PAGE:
Thursday, July 9, 2009

the conduct of monetary policy

Let's now consider how it does so. We need to look more specifically at the institutional structure of the banking system and role of the fed in that institutional structure.
Think back to our discussion of the banking system. Banks take in deposits; make loans, and any other financial assets, keeping a certain percentage of reserves for those transactions. Those reserve are IOUs of the fed-either vault cash or deposits at the fed. Vault cash, deposits of the fed, plus currency in circulation make up the monetary base. The monetary base held at banks serves as legal reserves of the banking system. By controlling the monetary base, the fed can influence the amount of money in the economy and activities banks.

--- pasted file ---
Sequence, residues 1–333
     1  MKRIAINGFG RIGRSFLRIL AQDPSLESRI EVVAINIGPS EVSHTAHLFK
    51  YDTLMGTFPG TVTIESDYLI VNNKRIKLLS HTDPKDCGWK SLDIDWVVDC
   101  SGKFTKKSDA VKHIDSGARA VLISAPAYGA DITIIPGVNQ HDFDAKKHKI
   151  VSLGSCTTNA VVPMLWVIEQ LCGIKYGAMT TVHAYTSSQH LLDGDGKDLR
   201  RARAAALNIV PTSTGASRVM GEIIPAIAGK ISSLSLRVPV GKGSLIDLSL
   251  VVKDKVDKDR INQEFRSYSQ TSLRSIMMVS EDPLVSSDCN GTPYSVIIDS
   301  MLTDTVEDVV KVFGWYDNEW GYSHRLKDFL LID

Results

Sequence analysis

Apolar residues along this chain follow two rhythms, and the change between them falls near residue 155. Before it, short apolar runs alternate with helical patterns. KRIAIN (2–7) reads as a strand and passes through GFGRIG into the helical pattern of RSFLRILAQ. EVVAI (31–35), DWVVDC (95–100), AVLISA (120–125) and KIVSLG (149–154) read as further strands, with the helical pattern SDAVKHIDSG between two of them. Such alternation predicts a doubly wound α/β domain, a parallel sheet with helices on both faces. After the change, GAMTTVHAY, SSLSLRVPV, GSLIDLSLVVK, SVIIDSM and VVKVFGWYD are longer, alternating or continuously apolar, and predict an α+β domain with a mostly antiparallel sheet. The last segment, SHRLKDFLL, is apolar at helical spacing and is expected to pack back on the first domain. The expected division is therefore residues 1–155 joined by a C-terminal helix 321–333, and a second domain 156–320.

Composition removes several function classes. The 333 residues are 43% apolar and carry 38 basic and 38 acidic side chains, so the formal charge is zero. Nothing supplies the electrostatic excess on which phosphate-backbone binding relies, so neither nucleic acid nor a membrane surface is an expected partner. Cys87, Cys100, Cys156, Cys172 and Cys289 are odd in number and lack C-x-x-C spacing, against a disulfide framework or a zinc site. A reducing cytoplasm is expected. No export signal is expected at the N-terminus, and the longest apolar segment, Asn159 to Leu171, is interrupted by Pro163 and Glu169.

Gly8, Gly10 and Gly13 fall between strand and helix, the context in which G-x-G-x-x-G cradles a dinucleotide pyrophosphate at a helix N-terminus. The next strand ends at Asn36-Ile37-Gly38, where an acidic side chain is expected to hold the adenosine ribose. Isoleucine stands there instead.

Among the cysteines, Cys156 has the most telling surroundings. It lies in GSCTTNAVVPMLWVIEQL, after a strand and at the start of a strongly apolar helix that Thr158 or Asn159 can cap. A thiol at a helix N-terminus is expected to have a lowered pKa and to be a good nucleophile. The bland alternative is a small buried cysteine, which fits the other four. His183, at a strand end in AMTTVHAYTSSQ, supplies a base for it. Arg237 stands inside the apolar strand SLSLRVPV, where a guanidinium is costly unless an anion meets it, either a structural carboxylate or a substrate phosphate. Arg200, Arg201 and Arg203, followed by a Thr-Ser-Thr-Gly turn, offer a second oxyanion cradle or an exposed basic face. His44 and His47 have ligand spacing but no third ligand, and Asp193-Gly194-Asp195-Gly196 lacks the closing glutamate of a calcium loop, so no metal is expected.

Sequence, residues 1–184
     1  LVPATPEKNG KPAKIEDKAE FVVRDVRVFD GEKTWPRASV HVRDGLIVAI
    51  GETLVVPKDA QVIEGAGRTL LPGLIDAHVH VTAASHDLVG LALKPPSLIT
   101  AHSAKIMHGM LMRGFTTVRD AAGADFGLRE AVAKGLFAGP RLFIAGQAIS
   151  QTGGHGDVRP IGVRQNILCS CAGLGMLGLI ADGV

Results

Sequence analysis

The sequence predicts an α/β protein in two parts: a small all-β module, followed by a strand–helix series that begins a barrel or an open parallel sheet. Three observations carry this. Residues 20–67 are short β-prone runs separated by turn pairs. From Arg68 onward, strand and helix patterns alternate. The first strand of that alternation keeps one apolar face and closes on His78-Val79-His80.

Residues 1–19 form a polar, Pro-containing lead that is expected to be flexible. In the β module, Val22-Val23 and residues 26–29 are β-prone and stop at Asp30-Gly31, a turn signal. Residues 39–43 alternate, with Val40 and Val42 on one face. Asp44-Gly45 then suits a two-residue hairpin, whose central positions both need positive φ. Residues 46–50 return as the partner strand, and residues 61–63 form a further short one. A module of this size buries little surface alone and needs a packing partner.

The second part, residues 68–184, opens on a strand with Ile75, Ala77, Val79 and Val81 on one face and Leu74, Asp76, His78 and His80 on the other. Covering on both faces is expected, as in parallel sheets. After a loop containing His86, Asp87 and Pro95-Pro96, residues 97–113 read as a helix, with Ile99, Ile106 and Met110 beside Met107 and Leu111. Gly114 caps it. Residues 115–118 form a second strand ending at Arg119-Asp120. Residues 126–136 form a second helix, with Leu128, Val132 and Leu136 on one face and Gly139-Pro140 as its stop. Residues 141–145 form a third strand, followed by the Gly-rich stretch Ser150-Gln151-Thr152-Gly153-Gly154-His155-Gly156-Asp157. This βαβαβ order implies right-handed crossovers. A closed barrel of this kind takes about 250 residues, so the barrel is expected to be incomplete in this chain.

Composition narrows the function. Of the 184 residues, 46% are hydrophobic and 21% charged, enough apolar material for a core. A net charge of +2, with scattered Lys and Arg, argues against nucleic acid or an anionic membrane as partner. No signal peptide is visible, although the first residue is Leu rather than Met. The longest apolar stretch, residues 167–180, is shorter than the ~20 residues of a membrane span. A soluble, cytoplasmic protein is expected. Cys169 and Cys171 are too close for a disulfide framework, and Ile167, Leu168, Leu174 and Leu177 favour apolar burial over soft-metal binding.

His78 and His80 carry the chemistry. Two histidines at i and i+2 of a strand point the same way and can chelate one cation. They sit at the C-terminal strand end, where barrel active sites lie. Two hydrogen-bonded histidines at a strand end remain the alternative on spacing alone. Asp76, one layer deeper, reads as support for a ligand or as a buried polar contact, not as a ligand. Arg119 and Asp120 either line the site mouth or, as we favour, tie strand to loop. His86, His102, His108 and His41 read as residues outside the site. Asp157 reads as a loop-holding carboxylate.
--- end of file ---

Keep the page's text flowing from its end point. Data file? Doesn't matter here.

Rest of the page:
The actual tools monetary policy will affect the amount reserves in the system. In turn, the amount of reserves in the system will affect the interest rate. Other things equal, as reserves decline, the interest rate will rise; and as reserves increase, the interest rate will decline. So monetary policy will also be associated with interest rates.

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